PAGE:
By Emma Reilly
Elm Staff Writer
Washington College’s Peer Mentor program connects groups of incoming freshmen with a peer mentor to help guide them through the transition into the College. When WC went entirely virtual for the Fall 2020 semester, the program faced prominent setbacks.
“[Freshmen] are trying to make this transition from high school to college but they’re not even leaving their house,” junior Peer Mentor Leader Erin Jesionowski said.
According to the program’s website, peer mentor groups are typically made up of eight to 15 students enrolled in the same first-year seminar. Peer mentors reach out to their mentees over the summer, guide them through orientation programming, and remain a resource for their mentees for the entirety of their first semester, according to junior Peer Mentor Isabelle Anderson.
According to Anderson, the major role of WC’s peer mentors is to assist with orientation. This typically includes activities associated with the College’s Orientation Explore program. Mentees would, in a “normal” semester, take part in field trips and excursions specialized to their interests, according to WC’s website.
The virtual orientation programming provided by the College for the fall 2020 semester lacked the specialization and interaction provided by Orientation Explore.
This challenged peer mentors’ ability to engage their mentees and establish meaningful connections with their group.
“For this past year [orientation] was kind of just having Zoom meetings and hoping that people would show up to them,” Anderson said. “There wasn’t much reinforcement that we could do, which we’re usually able to do in person.”
Constant on-screen time left students with little interest in orientation programming, which in turn affected peer mentors’ morale.
“We worked our butts off trying to make it as immersive and as captivating as it could be, but in the end, you get Zoom fatigue. It was tiring on our part as well as on the first-years’ part,” Jesionowski said.
Lack of interest and engagement continued to affect the program throughout the fall semester.
“I advised the peer mentors to begin with individual Zoom meetings … with their mentees and that was really hard to get the first-years to commit to,” Jesionowski said.
The benefits of the program usually come in the form of providing students with their “first built-in friend,” Anderson said. Over Zoom, peer mentors were unable to make those same connections.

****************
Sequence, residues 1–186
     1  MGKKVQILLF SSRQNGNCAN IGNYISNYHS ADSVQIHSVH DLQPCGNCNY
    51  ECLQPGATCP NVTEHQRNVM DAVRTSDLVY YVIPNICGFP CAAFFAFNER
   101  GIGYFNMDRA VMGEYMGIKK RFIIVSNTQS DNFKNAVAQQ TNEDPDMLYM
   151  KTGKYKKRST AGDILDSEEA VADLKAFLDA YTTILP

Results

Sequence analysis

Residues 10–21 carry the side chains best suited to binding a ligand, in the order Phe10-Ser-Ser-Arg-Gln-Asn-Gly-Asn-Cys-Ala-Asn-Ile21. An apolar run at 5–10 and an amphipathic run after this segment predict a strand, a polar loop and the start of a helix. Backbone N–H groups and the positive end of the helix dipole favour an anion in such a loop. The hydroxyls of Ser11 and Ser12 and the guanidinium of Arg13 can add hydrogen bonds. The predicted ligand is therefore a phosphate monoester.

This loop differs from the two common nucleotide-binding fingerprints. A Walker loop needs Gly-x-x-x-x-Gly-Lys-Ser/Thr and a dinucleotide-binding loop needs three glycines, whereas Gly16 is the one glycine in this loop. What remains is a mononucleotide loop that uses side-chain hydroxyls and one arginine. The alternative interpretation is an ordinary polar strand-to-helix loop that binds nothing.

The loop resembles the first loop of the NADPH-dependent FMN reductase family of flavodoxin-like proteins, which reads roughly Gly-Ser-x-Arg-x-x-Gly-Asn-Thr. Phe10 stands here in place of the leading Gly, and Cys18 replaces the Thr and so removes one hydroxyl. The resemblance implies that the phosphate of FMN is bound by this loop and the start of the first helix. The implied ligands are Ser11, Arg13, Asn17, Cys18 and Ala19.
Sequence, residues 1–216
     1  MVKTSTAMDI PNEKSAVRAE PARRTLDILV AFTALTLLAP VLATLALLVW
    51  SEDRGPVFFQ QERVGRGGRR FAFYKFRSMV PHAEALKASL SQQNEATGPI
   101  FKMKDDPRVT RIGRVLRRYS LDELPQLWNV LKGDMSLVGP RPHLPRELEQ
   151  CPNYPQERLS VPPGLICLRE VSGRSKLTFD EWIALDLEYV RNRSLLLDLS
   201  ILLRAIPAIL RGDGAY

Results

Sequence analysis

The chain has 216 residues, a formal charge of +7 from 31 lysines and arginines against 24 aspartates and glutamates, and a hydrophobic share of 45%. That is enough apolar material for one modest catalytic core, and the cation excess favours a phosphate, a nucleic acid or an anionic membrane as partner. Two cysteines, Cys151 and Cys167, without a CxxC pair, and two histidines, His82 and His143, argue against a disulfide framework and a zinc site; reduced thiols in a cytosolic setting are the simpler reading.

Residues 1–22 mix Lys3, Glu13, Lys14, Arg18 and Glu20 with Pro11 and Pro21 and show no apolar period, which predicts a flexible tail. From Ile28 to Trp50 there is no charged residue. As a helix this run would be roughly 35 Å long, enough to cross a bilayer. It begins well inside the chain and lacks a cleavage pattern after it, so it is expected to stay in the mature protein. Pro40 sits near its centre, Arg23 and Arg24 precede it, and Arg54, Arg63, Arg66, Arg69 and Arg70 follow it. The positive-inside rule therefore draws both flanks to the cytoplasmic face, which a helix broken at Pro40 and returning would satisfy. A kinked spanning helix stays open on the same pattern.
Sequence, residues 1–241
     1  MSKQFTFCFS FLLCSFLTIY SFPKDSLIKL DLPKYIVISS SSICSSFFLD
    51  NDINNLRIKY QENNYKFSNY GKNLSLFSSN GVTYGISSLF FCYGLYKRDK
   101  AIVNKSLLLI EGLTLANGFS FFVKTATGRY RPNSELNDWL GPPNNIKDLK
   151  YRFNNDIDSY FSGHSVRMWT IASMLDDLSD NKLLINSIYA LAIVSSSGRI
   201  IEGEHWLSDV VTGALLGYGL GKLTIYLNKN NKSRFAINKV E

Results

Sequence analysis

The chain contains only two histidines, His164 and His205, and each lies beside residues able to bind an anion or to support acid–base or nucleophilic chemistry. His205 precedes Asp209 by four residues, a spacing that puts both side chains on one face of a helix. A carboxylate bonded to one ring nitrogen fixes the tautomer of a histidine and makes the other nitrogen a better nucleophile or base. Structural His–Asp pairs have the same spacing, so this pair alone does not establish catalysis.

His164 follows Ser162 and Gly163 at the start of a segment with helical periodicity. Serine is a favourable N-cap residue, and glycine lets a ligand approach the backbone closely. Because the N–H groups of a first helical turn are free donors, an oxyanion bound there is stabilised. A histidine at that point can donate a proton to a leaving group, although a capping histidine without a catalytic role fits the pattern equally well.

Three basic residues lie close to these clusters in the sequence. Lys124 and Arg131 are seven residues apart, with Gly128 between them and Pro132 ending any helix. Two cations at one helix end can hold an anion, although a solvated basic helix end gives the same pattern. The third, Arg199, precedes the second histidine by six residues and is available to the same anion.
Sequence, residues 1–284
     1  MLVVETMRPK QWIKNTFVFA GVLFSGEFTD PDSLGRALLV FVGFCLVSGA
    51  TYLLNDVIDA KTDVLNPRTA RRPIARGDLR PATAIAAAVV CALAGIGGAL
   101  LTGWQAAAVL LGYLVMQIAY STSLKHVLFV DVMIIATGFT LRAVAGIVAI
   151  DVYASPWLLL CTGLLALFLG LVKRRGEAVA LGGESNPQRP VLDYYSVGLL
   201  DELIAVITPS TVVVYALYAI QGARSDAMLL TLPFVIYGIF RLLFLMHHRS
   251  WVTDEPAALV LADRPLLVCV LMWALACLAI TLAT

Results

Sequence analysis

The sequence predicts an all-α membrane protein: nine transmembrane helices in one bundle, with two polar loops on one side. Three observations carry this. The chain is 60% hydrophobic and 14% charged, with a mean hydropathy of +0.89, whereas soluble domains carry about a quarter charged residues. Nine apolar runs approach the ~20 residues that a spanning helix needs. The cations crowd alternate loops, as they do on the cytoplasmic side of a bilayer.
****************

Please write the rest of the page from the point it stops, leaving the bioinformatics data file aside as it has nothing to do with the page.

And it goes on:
“I’ve tried my best to get to know everyone, but of course there’s a screen between us so there’s only so much we can do,” Anderson said.
This disconnect impacted the overall effectiveness of the Peer Mentor program by reducing mentors’ abilities to establish personal bonds with their mentees and with one another.
The College was limited to training peer mentors virtually last semester. According to Anderson, the lack of in-person team bonding impacted how the program was run structurally.
“We kind of lean on each other when things get difficult, and I think that the peer mentors who just became peer mentors last year and have only experienced it virtually don’t really have that sense of a team,” Anderson said.
The Peer Mentor program will benefit from a return to in-person campus life.
“I definitely was able to appreciate the in-person interaction with [my mentees] a lot more this semester,” Jesionowski said. She has only been able to briefly interact with a few of her mentees who chose to move to campus.
Interpersonal connections are what make the program so effective, and in-person orientation will allow these connections to thrive once again.
“I think we’re going to get to do some cool stuff after the last year and a half we’ve been through,” Jesionowski said.
Peer mentors will be able to more effectively guide both new class of 2025 mentees and former mentees through the complexities of college life once the barrier of virtual life has been removed.